In Attorney General Palmer’s view, workers strikes were not just considered labor action but anti-American immigrant rebellions. Labor organizers were thought to be the most dangerous. If they were successful in unionizing workers, capitalism would come crashing down in a dramatic economic collapse.
Fourteen states made it a crime to belong to a radical organization in 1918.
State and local governments purged radicals from public service and cracked down on left-wing labor organizing. Congress authorized the deportation of aliens simply on the grounds that they belonged to an organization that advocated revolt or sabotage.
Those suspected of spreading anti-capitalist views underwent covert surveillance. Telephones were tapped and letters were intercepted and read. Officers with the Department of Justice went undercover and hung out in ethnic saloons hoping to hear plans about bombing government offices, organizing unions, or planning mass protests.
Categorized as anarchists and “dangerous” people were university professors that taught about communism and assigned Karl Marx’s Das Capital. Organizations that formed with the sole purpose of fighting for anti-lynching laws or to assist southern blacks in their migration to cities like St. Louis, Chicago and Detroit were targets. Women who opened settlement houses in ethnic neighborhoods for the purpose of assisting immigrants in their acclimation to America were also marked.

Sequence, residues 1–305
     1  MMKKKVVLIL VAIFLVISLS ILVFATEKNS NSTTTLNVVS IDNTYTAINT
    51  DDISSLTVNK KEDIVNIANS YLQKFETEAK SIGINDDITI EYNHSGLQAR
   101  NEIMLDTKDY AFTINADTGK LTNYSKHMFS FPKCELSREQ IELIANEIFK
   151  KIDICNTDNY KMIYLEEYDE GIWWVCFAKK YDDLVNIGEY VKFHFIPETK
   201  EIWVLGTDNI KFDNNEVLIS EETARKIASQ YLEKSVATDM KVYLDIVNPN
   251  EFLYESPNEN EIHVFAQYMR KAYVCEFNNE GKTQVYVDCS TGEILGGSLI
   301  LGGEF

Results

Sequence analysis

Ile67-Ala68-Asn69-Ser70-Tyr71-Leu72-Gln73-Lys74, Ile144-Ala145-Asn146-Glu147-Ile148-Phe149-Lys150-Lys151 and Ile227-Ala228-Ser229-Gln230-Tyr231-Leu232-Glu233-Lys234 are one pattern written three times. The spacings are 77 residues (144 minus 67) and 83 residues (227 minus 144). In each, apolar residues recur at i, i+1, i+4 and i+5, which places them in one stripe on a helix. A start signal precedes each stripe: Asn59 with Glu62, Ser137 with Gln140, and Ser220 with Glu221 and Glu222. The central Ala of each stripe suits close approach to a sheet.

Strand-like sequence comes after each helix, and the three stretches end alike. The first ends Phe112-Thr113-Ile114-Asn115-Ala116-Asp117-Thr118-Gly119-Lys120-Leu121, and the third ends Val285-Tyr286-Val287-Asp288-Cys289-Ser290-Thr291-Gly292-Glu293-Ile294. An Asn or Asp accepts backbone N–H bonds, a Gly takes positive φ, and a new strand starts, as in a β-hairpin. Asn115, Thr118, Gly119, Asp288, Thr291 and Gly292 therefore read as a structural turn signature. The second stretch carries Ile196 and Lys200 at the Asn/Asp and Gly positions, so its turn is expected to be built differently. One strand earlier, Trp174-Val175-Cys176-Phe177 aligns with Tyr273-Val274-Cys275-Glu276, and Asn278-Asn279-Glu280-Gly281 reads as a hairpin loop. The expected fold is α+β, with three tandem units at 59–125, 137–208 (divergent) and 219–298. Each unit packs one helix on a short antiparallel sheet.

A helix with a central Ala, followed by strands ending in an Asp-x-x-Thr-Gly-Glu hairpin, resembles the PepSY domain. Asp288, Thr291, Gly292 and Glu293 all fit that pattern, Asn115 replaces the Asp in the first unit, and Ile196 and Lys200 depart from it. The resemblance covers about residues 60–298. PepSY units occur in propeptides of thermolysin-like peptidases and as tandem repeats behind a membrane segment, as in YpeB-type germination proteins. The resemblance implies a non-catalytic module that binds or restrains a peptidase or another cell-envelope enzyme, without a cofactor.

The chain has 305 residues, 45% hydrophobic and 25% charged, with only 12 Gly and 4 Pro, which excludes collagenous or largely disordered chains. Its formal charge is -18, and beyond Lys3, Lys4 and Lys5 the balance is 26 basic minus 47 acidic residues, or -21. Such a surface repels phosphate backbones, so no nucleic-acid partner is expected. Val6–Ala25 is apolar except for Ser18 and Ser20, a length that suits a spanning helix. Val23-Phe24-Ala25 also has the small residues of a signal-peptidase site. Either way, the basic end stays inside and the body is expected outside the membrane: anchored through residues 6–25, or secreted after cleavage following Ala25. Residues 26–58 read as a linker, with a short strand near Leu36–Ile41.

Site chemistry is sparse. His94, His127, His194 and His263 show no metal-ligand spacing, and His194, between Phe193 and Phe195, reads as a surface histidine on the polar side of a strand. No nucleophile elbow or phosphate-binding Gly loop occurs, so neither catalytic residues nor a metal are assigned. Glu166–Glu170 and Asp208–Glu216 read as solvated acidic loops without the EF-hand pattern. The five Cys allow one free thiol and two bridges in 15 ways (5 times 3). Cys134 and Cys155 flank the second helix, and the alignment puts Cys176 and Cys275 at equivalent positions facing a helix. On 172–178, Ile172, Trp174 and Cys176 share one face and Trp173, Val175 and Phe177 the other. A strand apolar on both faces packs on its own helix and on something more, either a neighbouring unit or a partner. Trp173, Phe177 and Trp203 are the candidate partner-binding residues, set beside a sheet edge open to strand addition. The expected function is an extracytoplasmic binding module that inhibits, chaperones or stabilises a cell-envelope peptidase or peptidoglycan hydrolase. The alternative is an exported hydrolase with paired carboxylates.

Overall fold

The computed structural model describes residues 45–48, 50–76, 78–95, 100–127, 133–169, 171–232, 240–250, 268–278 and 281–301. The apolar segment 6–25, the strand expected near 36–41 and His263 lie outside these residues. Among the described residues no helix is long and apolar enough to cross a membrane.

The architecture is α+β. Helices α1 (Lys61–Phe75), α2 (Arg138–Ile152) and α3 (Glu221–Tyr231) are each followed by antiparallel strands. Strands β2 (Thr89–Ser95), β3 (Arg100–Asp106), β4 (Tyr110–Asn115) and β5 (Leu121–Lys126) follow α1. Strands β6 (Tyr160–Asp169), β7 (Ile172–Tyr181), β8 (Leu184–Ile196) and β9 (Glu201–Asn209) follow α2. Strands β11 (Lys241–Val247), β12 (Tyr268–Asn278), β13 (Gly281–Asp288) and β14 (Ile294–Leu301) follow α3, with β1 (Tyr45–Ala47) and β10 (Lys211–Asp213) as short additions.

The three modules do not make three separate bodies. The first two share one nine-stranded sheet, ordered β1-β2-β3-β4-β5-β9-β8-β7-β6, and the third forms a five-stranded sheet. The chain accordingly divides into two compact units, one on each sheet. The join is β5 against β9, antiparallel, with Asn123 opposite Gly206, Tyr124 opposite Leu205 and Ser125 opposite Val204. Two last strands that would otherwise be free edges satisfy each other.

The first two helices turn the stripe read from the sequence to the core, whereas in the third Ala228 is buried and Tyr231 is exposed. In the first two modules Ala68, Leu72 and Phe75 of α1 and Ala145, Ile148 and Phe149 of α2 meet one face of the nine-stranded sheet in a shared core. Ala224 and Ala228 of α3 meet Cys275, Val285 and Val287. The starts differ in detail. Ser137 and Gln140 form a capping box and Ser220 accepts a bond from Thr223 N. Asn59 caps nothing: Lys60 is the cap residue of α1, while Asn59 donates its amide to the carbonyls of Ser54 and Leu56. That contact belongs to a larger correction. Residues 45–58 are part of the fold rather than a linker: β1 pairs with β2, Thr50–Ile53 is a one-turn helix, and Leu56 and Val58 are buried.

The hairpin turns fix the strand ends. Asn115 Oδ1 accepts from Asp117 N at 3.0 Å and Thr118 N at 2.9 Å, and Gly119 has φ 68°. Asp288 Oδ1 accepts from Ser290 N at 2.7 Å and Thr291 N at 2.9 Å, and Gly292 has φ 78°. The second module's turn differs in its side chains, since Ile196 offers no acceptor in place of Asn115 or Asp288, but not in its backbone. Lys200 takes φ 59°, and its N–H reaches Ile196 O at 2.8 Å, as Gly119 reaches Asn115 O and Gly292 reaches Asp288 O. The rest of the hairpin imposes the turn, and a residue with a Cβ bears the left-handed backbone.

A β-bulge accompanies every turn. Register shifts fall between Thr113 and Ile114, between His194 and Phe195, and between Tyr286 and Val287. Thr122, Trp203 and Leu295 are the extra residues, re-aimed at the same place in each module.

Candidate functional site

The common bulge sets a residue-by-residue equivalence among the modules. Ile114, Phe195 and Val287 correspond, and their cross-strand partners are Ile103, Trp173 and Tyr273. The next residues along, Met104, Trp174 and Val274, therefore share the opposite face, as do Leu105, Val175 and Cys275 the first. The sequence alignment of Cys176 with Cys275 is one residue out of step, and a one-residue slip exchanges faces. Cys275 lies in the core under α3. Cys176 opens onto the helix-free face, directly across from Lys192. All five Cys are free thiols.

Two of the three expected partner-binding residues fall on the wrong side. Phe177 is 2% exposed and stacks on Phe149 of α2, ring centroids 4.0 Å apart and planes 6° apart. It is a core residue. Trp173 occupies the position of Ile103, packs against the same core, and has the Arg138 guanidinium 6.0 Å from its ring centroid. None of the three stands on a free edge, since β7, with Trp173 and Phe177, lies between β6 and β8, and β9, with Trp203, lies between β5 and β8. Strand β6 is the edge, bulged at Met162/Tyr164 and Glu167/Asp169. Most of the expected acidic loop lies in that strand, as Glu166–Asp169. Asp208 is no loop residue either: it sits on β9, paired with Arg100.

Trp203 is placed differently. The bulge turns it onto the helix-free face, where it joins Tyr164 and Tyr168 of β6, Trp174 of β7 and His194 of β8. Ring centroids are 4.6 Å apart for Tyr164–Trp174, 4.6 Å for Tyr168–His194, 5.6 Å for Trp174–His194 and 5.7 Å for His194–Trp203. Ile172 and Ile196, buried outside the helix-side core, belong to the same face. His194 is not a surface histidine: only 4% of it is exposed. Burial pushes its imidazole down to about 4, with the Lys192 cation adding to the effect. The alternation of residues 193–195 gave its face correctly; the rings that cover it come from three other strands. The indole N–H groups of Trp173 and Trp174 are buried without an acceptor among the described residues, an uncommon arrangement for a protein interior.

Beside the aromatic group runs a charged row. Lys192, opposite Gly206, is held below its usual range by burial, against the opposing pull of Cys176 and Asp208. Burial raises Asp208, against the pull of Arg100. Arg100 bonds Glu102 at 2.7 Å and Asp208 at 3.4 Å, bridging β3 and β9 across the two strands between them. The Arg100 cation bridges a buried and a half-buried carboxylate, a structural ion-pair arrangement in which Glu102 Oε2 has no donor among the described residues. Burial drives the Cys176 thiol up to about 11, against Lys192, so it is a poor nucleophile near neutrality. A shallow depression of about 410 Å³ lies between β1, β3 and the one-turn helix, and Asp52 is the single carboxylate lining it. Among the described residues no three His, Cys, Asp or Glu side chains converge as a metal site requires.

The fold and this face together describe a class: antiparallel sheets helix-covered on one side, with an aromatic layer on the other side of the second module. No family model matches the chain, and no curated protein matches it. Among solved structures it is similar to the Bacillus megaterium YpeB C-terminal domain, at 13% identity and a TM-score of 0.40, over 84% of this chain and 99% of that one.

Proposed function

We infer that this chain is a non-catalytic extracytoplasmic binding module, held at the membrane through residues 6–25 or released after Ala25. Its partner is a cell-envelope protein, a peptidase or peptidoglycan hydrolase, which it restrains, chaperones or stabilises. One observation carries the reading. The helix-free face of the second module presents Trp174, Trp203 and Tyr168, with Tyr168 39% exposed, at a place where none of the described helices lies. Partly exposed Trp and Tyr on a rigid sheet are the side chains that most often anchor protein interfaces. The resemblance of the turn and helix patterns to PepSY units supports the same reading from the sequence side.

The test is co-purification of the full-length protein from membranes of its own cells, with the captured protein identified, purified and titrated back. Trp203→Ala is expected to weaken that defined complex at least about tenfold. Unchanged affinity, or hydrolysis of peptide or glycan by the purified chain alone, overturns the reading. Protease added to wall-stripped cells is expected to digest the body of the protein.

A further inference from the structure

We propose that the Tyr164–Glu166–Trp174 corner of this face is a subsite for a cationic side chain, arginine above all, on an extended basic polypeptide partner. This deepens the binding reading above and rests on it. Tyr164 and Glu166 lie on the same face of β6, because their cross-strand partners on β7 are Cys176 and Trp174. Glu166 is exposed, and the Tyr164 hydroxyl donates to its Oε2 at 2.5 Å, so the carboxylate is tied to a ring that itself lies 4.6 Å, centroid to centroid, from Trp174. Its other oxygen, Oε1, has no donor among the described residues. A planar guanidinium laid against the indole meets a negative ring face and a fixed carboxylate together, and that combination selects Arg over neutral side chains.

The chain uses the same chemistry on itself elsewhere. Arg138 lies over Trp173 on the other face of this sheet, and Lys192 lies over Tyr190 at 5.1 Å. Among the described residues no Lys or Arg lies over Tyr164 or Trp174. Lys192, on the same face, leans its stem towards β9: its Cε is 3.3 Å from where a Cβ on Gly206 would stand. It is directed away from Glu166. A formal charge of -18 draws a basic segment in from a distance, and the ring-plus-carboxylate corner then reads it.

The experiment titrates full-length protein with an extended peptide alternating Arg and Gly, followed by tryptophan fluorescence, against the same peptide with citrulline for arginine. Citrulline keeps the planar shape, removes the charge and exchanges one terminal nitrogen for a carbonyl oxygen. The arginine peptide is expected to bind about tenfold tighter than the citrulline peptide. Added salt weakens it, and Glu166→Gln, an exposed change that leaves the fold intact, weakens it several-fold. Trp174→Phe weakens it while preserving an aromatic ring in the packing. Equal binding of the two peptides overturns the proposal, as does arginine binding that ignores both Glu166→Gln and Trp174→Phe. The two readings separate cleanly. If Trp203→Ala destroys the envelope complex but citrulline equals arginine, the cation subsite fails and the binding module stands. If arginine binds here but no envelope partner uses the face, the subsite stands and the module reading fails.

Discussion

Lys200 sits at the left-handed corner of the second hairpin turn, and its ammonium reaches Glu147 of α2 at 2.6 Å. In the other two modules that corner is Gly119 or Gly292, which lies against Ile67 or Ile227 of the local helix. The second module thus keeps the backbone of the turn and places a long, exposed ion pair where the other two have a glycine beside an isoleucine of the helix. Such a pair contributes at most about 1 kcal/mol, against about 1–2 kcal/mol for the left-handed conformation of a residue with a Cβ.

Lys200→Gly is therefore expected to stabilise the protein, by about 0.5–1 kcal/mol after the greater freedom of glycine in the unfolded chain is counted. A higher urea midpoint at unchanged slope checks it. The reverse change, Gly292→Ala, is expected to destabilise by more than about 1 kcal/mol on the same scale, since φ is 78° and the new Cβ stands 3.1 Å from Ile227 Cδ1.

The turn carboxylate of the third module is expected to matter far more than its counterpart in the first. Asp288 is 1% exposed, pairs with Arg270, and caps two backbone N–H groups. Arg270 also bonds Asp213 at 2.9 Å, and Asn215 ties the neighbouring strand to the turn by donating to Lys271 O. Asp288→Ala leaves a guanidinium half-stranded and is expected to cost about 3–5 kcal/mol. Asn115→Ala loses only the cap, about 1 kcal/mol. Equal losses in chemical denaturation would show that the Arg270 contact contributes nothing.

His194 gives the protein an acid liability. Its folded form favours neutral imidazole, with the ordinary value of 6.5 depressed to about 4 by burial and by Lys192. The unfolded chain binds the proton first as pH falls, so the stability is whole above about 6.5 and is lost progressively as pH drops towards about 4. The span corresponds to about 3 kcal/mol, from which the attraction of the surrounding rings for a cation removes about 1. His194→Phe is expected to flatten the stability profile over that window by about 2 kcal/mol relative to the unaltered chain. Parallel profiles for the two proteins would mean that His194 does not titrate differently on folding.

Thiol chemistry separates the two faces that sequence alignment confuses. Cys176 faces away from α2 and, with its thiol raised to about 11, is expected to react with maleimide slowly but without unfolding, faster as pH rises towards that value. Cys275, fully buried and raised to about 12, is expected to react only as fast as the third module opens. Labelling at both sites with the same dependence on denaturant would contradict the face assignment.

Essentially, anyone who was not a part of the status quo could be considered a violent and dangerous anarchist and needed to be deported.
Spring Time For Palmer 1919 Bombs
A series of mail bombs sent in the spring of 1919 to well-known capitalists like JD Rockefeller and JP Morgan, along with government officials such as Attorney General Palmer confirmed the suspicion that immigrants were dangerous after an investigation identified the Palmer bomber as an Italian immigrant from Philadelphia.
Along with Uncle Sam, independent organizations like the National Security League and American Defense Society helped promote the message that foreign radicalism was being brought to the US by hordes of unassimilated foreigners.
Palmer now undertook the most visible campaign against radical individuals.